Little things can disturb a meeting. Are you chewing gum, bouncing your legs or cracking your knuckles every five minutes?
You’re probably not purposely doing it to annoy anyone but be mindful of the effects. Chewing gum can make you look childish, and research shows that many people see gum-chewers as self-centered. If you want fresh breath, just remember to spit your gum out before entering the meeting room.
If you’re constantly bouncing your legs, you might be stressing the other meeting attendees; it signals impatience or irritation. Worst case scenario is that some might think you’re doing it just to annoy them! So, watch out for those drummer-legs!
The tip here is to sit still. Your calmness will affect your entire appearance and can be efficient in creating a calm and pleasant atmosphere in the meeting room.
Related: Interested in better meetings? Take a peak at these 10 tips for more effective meetings.
The way you sit in your chair sends a lot of signals. First, you have to make sure you straighten your back all the way up through your neck but relax your shoulders, so you don’t look tense.
Second, be aware of your bum. Sit back in your chair. If you’re sitting half way over the edge or at the very front of your seat it appears as if you’re eager to leave. That’s not an encouraging signal to send to your coworkers.
You can also keep an eye on your fellow attendees’ eagerness to move on. Often, our feet will point towards what we want. That means, if the other attendees’ feet are pointing directly towards the door, they’re probably quite ready to get out and be done with the meeting. So, keep an eye on people’s feet – they’re revealing!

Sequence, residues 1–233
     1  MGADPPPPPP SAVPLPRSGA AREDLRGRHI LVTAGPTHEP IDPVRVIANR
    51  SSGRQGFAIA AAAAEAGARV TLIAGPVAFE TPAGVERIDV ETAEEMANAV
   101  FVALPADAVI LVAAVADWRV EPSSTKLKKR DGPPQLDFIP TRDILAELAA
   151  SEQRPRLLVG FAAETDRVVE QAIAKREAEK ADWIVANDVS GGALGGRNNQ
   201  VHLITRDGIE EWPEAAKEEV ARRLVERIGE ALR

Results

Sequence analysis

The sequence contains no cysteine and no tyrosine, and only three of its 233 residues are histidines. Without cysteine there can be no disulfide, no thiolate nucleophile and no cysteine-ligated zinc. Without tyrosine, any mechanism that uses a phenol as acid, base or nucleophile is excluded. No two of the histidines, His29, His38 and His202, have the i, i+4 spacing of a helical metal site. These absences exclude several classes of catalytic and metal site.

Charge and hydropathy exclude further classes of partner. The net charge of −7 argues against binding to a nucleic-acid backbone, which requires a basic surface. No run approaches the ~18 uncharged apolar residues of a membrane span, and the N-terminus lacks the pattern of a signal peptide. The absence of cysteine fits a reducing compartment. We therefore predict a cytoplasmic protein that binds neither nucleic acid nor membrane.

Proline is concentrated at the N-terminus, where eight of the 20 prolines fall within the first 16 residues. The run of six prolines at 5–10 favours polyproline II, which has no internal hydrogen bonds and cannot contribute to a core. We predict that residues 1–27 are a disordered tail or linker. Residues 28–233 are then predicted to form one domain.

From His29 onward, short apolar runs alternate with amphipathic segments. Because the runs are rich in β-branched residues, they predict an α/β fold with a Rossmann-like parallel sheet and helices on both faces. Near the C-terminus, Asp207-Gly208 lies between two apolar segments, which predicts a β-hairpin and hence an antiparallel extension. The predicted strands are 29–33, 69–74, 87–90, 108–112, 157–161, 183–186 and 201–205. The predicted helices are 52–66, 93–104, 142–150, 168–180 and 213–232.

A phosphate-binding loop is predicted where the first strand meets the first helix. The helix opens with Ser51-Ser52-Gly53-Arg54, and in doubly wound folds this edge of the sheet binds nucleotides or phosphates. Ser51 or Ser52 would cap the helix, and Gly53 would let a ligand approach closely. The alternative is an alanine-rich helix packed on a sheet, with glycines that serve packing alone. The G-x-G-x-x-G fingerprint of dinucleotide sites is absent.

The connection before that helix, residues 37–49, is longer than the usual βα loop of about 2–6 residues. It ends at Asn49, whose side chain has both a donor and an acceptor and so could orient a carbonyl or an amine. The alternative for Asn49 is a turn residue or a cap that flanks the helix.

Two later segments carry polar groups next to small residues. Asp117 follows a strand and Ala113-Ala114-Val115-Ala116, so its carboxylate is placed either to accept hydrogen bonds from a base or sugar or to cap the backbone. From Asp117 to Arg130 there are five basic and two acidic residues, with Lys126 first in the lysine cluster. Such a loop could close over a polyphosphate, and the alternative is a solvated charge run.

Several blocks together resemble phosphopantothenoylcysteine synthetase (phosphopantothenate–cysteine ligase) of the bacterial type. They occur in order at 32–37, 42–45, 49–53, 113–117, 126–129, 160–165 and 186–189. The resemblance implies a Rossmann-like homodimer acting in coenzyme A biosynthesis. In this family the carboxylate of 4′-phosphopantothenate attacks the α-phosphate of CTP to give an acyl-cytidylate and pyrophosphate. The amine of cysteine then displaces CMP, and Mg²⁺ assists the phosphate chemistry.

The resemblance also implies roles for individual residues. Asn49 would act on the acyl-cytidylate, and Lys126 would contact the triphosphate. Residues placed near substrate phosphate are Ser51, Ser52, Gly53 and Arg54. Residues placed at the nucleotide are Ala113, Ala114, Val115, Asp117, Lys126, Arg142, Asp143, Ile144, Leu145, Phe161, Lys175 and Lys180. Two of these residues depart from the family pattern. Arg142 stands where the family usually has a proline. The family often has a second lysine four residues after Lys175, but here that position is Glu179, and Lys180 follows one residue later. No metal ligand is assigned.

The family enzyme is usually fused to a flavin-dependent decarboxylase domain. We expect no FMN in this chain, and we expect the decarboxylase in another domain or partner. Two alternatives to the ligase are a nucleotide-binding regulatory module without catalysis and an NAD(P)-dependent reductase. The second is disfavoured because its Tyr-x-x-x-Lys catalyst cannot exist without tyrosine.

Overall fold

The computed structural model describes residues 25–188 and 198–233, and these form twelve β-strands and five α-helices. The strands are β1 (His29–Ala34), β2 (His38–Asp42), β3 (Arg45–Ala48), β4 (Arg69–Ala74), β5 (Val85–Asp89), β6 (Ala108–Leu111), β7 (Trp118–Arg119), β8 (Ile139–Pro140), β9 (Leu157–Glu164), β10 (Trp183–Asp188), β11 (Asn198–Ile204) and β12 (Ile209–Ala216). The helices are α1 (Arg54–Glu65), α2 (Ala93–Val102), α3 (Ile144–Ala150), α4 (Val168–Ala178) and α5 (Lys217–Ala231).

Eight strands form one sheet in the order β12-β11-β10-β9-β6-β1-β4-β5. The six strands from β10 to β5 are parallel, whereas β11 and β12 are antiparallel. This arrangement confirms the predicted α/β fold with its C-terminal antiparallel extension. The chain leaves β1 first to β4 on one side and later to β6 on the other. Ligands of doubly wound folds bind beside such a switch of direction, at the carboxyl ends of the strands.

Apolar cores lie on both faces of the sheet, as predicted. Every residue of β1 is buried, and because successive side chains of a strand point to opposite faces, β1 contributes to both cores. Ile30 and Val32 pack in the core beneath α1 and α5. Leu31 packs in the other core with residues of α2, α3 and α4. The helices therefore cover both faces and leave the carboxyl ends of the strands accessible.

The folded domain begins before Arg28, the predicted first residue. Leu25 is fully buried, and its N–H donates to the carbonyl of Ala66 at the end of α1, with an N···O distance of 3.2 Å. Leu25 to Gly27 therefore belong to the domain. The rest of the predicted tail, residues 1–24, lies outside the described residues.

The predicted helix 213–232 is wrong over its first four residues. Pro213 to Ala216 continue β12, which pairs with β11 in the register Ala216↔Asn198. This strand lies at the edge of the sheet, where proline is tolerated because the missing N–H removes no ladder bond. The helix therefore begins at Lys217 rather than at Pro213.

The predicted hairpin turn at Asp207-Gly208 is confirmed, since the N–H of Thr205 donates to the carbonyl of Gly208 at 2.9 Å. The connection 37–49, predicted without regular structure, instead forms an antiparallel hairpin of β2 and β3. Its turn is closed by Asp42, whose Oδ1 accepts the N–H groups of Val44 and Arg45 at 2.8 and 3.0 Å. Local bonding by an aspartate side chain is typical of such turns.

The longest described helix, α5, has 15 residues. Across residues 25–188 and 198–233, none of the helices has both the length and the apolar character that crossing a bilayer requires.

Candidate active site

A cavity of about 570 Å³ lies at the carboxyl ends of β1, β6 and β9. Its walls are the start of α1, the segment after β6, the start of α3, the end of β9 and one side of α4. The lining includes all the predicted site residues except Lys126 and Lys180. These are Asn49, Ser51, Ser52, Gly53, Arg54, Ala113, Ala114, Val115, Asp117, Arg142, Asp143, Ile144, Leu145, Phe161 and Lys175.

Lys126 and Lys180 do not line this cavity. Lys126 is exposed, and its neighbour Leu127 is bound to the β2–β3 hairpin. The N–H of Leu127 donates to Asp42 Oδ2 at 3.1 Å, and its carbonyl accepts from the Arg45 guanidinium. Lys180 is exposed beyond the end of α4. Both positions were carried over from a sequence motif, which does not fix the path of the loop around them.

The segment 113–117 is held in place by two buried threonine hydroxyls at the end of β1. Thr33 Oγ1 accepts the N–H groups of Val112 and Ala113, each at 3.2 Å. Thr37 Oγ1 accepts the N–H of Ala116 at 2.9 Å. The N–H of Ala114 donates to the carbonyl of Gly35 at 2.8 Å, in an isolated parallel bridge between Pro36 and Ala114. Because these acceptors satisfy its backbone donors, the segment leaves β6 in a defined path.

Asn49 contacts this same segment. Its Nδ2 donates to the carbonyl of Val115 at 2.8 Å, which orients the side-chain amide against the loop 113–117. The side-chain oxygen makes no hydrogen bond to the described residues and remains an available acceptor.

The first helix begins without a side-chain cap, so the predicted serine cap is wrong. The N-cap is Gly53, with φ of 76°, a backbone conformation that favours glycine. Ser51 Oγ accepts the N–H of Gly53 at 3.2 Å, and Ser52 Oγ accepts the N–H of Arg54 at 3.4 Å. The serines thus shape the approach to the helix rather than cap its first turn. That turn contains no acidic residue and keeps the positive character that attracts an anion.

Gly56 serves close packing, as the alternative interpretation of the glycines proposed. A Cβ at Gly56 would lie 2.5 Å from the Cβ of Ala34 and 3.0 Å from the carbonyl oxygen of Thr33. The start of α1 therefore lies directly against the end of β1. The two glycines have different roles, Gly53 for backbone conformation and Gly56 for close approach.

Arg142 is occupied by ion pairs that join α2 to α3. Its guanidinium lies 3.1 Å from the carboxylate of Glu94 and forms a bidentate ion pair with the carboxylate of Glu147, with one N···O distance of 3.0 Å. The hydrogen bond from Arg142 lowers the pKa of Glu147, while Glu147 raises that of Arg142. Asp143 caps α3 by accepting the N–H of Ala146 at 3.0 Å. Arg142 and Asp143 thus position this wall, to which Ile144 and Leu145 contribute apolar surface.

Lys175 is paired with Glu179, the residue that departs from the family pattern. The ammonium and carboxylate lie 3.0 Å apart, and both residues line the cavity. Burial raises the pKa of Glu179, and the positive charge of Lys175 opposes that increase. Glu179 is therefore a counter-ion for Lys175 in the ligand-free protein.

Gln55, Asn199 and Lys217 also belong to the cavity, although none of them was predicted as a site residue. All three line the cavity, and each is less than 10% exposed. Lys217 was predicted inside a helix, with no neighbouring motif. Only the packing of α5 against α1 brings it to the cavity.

If you’re in need of a little extra points, or just want to make a good impression, now is the time to be aware.
If you really want to get on your manager's good side, you can try to imitate their body language. Not a complete imitation, just enough to make a good impression. If your manager leans forward, you lean slightly forward, if your manager looks towards John, you look towards John and so on. Try it with your face as well – smile, wrinkle your brows and pinch your eyes together when your manager does.
It’s easy, and it shows your support and interest for the person. It signals furthermore that you like working with them.
The most important thing in order to look good at a meeting is to be positive; show your good energy. This means that you can’t be afraid of laughing out loud (yes, actually lol’ing) and you must smile a lot. Also, remember to nod your head when your colleagues are speaking or suggestion something. It encourages them to continue, and it shows that you’re supporting them.
Good energy is more than just an act
You can use lots of different little tricks to change your body language – and make a better impression at your meeting. Even if your colleagues don’t know the secrets of body language, you can still influence them through your body language. They are, in fact, completely natural signals, we all unconsciously pick up.
However, you must not look at these tips and hacks as a fake play to trick others. Your body language is useful for more than just you, because if affects the entire energy of the meeting.
Good energy makes the attendees relax and furthermore, it plays a factor in higher productivity – in contrast to negative energy and a bad mood, which affects creativity and productivity in an adverse direction.
So, even though you might just want to look more professional by practicing good body language, it will ultimately give immense value to your meeting.
We call that a win-win.